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10:15-10:45Coffee Break
13:00-14:30Lunch Break
14:30-16:00 Session 18F
Location: FH, Dissertantenraum E104
A cubical representation of local states
In this talk, I will explain how imperative programs with local stores may be represented
as cubes living inside types themselves represented as cubical sets. I will illustrate
with a few examples how this geometric representation of programs with states
should help us to reason about resource allocation and deallocation in imperative programs.
This is joint work with Kenji Maillard.
Computational complexity in the lambda-calculus: what's new?
SPEAKER: Damiano Mazza

ABSTRACT. The lambda-calculus  models computation via  substitution, an abstract
notion  whose concrete  meaning in  terms of  elementary computational
steps is unclear a priori.  As  a consequence, the model of choice for
computational complexity  is usually some variant  of Turing machines,
even  in  the higher-order  case  (which  seems  regretful, given  the
functional nature of the  lambda-calculus).  In recent years, a number
of tools related to  linear logic (proof nets, explicit substitutions,
linear calculi)  have provided  us with a  finer understanding  of the
substitution  process, offering new  perspectives on  the relationship
between lambda-calculus and computational complexity.  In this talk, I
will survey three specific  cases: Accattoli and Dal Lago's invariance
result  for beta-reduction;  an ongoing  work by  Dal Lago  and myself
proposing a new formulation  of higher-order complexity entirely based
on  a lambda-calculus;  and some  of my  results and  ongoing  work on
characterizing non-uniform circuit  complexity classes with infinitary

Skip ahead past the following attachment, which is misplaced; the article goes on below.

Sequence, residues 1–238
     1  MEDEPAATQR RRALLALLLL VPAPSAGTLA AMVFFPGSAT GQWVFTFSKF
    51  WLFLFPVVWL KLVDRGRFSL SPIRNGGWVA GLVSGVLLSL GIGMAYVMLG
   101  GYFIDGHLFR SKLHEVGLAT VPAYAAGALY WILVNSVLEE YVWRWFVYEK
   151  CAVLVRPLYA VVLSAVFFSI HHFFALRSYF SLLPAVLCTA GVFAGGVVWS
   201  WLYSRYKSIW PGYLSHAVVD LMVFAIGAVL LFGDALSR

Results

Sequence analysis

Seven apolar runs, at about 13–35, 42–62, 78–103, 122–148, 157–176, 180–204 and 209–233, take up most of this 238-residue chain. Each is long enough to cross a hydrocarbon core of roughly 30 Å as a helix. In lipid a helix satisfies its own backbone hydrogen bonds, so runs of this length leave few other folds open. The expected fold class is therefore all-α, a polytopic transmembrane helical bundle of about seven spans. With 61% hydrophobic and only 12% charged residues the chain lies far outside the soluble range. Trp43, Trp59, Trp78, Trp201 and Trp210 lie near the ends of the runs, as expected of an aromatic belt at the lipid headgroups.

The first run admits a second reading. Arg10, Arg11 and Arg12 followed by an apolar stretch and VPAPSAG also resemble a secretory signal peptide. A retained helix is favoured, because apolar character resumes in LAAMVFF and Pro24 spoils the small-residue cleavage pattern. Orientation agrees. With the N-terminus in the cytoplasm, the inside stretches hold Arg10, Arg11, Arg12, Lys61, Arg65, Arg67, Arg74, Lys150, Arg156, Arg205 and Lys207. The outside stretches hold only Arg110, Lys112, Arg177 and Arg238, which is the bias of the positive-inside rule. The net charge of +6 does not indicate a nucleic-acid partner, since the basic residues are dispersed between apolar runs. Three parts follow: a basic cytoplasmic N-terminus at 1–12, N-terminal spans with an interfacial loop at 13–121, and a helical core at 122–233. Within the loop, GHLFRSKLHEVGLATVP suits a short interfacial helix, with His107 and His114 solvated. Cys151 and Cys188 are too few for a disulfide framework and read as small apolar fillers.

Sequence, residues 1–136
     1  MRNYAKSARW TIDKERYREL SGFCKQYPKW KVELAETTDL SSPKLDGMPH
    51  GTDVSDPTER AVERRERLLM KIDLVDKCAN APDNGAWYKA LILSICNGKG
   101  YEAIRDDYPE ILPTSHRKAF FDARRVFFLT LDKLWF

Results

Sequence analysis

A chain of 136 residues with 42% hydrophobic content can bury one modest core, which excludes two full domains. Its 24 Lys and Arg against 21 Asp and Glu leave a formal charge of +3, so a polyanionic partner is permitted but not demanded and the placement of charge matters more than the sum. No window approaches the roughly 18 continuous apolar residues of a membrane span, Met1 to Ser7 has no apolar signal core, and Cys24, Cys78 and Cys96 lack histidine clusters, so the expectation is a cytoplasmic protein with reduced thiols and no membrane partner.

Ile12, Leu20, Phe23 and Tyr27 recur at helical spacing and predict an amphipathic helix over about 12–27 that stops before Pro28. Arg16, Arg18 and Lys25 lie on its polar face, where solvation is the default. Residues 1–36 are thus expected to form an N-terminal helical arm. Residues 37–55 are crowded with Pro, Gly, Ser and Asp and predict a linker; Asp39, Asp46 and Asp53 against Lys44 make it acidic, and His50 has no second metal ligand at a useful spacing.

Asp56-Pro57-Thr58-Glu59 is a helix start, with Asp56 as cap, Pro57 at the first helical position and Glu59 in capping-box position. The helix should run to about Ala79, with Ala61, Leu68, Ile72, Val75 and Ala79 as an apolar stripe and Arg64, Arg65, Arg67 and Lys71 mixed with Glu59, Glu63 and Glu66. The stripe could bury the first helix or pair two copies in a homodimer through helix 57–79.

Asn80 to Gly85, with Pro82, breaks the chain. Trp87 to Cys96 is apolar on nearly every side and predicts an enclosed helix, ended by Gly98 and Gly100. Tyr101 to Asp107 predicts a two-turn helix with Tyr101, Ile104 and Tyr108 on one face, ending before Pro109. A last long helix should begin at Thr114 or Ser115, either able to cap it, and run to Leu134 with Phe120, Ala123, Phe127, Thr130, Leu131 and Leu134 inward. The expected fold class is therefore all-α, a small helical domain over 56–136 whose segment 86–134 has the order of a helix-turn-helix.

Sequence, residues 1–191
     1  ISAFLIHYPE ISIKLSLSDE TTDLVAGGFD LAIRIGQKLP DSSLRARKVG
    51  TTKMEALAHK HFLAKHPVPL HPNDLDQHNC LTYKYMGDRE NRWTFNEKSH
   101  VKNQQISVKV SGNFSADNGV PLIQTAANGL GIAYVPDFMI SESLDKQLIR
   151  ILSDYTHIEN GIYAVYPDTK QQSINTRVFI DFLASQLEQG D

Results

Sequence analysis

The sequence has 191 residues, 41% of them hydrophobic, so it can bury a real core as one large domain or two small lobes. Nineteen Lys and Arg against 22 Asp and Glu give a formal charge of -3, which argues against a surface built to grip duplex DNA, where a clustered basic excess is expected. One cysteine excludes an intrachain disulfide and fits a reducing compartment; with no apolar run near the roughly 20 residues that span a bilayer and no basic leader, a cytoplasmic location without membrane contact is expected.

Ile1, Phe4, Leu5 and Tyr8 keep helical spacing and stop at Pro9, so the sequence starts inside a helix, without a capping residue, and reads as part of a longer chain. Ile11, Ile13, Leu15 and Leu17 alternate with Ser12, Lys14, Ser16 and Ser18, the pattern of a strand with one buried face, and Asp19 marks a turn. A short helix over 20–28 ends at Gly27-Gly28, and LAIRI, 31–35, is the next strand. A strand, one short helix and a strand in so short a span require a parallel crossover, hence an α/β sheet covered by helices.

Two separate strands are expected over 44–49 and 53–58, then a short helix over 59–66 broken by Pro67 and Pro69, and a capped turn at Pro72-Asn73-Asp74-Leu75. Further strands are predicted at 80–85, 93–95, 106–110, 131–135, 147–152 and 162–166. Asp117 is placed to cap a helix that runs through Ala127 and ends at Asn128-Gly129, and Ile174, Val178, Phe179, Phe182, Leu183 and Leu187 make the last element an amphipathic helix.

On the parallel reduction and complexity of interaction-net systems

ABSTRACT. Interaction  nets form  an inherently  parallel computation  model. We
approach complexity  analysis of interaction-net  systems using typing
and semantic interpretation techniques.

16:00-16:30Coffee Break
16:30-18:00 Session 20F
Location: FH, Dissertantenraum E104
On the Value of Variables

ABSTRACT. Call-by-value  and call-by-need lambda-calculi  are defined  using the
distinguished  syntactic category of  values. In  theoretical studies,
values are variables and abstractions. In more practical works, values
are  usually defined  simply as  abstractions. This  paper  shows that
practical   values    lead   to   a   more    efficient   process   of
substitution---for  both  call-by-value  and  call-by-need---once  the
usual hypothesis for implementations hold (terms are closed, reduction
does  not go  under abstraction,  and  substitution is  done in  micro
steps,  replacing one variable  occurrence at  the time).  Namely, the
number  of  substitution  steps   becomes  linear  in  the  number  of
beta-redexes, while theoretical values only provide a quadratic bound.

Automated Complexity Analysis of Term Rewrite Systems

ABSTRACT. TcT, the Tyrolean complexity tool, is a tool for automatically proving
polynomial upper  bounds on the  runtime complexity of  term rewriting
systems.  In  this talk, I  will briefly outline the  formal framework
and main techniques underlying TcT.

Subrecursive Linear Dependent Types and Computational Security
SPEAKER: Ugo Dal Lago

ABSTRACT. Various techniques  for the complexity analysis of  programs have been introduced in the last twenty years, spanning from type systems, to abstract interpretation, to path orders. A peculiar approach consists in adopting linear dependent types, which have been proved to be a relative complete methodology for complexity analysis. We here study linear dependency in a subrecursive setting, where recursion is structural. On the one hand, we show that linear dependent types are robust enough to  be adaptable, by way of effects, to a language with imperative features. On the other, we show the obtained system to be enough powerful to type nontrivial examples drawn from computational security, which is the driving motivation for this work.

18:15-19:15 Session 21
Location: FH, Dissertantenraum E104
Proof theoretic approaches to rewriting
SPEAKER: Thomas Powell

ABSTRACT. A  key method  for establishing  the  termination or  complexity of  a
program in some high level language is to capture its salient features
in an abstract  rewrite system which can then  be analysed separately.
In this talk  I will discuss some of the  deep links between rewriting
theory  and  classical  proof   theory,  in  particular  how  powerful
techniques from proof  theory can be used to  derive the complexity of
rewrite systems and  shed light on well-known tools  such as recursive
path orderings.  My aim is  ultimately to present some proof theoretic
ideas for understanding and analysing rewrite systems.